Beijing Floods Spur Mockery of Xi Jinping Thought on “Flood Control”

Catastrophic flooding caused by Typhoon Doksuri has killed at least 21 people, left approximately 26 people missing, and led to the evacuation of hundreds of thousands in northern China. Rainfall in Beijing broke a 140-year old record and neighboring Hebei province received more than its average annual rainfall in the deluge. The mass flooding calls to mind the 2021 Henan floods in which nearly 400 people died, and the 2012 Beijing floods which left 79 dead—although many believe that figure is a dramatic undercount. At The New York Times, Chris Buckley reported on the flood response in Beijing

The intense rain prompted Beijing to close tourist attractions like the ancient Forbidden City. But the worst effects have been felt in the city’s outer districts, where downpours overwhelmed riverbeds that usually stay dry for much of the year.

[…] Most of the fatalities were in the outer parts of Beijing, including Mentougou District, where video shared by local news outlets on Monday showed cars being swept down a swollen river. Chinese television later showed footage of residents in the district walking through muddy streets strewn with cars that had been washed away. The Beijing government said 13 of the missing were in Mentougou, and another 10 were in Changping, another semi-rural district.

[…] The Chinese capital’s high vigilance over the rains appears to partly reflect memories of flash floods in 2012, when officials seemed ill-prepared. The government ultimately announced a count of 79 dead, mostly from drownings in the southern parts of the city where drainage was poor, but some in the city believed the actual death toll was even higher. [Source]

Zhuozhou, a city in Hebei province located less than 50 miles southwest of Beijing, has been particularly hard-hit. The city seems to have had an uneven disaster response, with the city’s Public Security Bureau sending out a plea for help on Weibo, but deleting it shortly afterward. Some evacuees have been left stranded in traffic on highways elsewhere in Hebei because toll roads have not waived fee collection. For NPR, Aowen Cao reported on the logistical and bureaucratic hurdles that have slowed the disaster response there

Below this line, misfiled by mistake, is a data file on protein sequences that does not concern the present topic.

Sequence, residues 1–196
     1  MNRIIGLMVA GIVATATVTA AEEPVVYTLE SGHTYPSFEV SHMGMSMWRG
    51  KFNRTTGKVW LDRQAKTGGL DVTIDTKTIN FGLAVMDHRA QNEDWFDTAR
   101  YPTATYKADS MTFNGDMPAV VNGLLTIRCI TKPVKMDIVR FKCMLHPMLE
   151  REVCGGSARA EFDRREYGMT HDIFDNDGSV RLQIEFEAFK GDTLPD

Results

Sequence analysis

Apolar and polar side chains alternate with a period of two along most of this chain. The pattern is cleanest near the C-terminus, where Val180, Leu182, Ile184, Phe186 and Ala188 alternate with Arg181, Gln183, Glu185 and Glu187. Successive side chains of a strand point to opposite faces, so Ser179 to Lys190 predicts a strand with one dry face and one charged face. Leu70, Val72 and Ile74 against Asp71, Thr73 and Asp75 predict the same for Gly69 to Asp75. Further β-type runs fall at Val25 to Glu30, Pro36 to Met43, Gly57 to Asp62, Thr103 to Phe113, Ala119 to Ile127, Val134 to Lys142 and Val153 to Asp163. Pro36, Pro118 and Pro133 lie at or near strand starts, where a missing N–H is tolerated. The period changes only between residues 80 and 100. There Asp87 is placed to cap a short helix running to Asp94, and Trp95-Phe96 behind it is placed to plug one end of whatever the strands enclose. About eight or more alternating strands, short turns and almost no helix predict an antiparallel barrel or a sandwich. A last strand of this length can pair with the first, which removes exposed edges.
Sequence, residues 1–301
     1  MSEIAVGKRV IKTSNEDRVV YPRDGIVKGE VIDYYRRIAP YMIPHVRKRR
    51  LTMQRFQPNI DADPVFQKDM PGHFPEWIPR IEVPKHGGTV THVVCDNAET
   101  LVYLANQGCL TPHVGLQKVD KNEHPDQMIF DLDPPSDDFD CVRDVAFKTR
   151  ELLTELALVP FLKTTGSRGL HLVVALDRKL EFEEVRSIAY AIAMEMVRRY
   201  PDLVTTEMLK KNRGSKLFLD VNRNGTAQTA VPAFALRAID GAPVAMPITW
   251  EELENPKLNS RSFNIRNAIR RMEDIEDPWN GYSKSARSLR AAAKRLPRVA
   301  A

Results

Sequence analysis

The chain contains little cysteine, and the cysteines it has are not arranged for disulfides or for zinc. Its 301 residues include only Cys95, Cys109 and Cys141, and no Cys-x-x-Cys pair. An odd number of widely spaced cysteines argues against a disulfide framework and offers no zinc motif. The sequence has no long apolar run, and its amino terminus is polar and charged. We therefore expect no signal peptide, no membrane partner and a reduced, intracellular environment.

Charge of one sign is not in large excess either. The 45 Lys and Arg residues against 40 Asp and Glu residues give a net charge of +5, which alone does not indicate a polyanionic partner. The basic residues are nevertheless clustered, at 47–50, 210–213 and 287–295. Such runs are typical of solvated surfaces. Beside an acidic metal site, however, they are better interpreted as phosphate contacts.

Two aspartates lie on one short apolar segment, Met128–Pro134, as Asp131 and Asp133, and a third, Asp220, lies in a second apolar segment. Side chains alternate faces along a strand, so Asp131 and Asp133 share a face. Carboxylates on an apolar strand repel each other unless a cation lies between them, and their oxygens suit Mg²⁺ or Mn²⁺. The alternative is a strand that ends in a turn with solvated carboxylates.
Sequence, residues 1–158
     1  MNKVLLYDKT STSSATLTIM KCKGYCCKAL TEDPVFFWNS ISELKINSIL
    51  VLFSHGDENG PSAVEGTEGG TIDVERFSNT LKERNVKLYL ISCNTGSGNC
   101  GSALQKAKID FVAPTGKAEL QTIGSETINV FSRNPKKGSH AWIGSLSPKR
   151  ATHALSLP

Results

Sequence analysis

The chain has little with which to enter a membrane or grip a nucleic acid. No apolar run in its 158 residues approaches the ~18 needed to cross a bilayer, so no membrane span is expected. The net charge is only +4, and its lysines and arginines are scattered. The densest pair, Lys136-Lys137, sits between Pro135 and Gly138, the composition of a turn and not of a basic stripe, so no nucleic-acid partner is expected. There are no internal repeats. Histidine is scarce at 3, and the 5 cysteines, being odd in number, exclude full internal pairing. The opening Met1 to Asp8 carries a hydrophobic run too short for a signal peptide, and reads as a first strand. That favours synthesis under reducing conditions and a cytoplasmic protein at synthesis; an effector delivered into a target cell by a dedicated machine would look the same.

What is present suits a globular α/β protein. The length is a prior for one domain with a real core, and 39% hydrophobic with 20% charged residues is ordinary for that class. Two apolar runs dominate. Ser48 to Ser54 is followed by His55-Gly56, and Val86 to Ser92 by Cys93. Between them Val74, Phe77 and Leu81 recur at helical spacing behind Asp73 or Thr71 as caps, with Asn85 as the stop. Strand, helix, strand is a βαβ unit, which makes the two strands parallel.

Around 9,000 local rescue workers are involved in search and rescue operations in Zhuozhou, with more teams rushing over from neighboring Shanxi and Henan provinces, state media CCTV reported on Wednesday. Hundreds of thousands of residents have been evacuated.

Power cuts and interrupted cell signals caused by flooding have hampered the speed with which local authorities have been able to respond.

Some rescue teams have been waiting for invitation letters from Zhuozhou’s authorities before taking any action, as only invited teams can get into the city per Chinese regulations, the newspaper Southern Weekly reported.

A villager, bursting into tears, told Southern Weekly that the official seal needed for the invitation letters was swept away by floodwaters. [Source]

Zhuozhou is an important logistics hub for China’s publishing industry, and preliminary reports indicate that millions of dollars worth of books have been destroyed by the flooding:

On Chinese social media, there has a torrent of subtle criticism for Xi Jinping’s perceived mishandling of the floods. Just two weeks before the typhoon hit, China’s Ministry of Water Resources published a volume titled “In-Depth Study and Implementation of Xi Jinping’s Key Pronouncements on the Management of Water Resources,” and organized study sessions on it for water resource departments across the central, provincial, and local levels. On Douyin, China’s TikTok, netizens sarcastically eulogized Xi’s “prescience” in matters of flood control, and his tendency to “point the way forward” in fields in which he has no expertise: “Organizing a study session on ‘Xi Jinping Thought Regarding Water Management’ for world experts in flood control is a wonderful thing! He’s pointed the way forward for global flood control!” Another commenter quipped: “He’s pointing a new way forward for the earth’s rotation 👍👍👍.” On Weibo and Twitter, a number of commentators shared photographs of past Party leaders visiting disaster sites. Xi rarely mingles with the public—and then only in tightly choreographed settings—but state media often highlights his “personal” oversight of disaster response efforts. A Weibo hashtag lauding Hebei Party Secretary Ni Yuefeng for personally visiting flood zones was deleted from the platform after Ni’s comment that Hebei should serve as a “moat” for Beijing drew criticism. 

There were also some ugly instances of online hypernationalism related to the flooding. On Weibo, dozens of commenters hijacked a hashtag about the strength of the typhoon to suggest that the storm ought to steer clear of China and head to Japan. “Scram to Japan, storm,” urged one commenter. “Beat it, beat it, beat it, beat it.” Similar comments flooded a CCTV livestream report on the flooding, as well as a Weibo post from the China Meteorological Administration’s weather service. A comment underneath that post read, “Go eat kimchi [an online slur for Korea], and drink some radioactive water [a reference to the discharge of treated water from the Fukushima nuclear power plant].” A hashtag noting that the typhoon might turn towards South Korea rocketed to the top of Douyin’s trending ratings, while a hashtag on the plight of a Hebei village trapped by floodwaters was suppressed. 

There have also been a number of inspiring rescue efforts. In Zhuozhou, families have been using an collective online spreadsheet to organize evacuations and find missing relatives—the crowdsourced efforts are reminiscent of nascent labor organizing among Chinese tech workers in 2021. Some 1,000 rescue teams have entered the disaster zone to help. 


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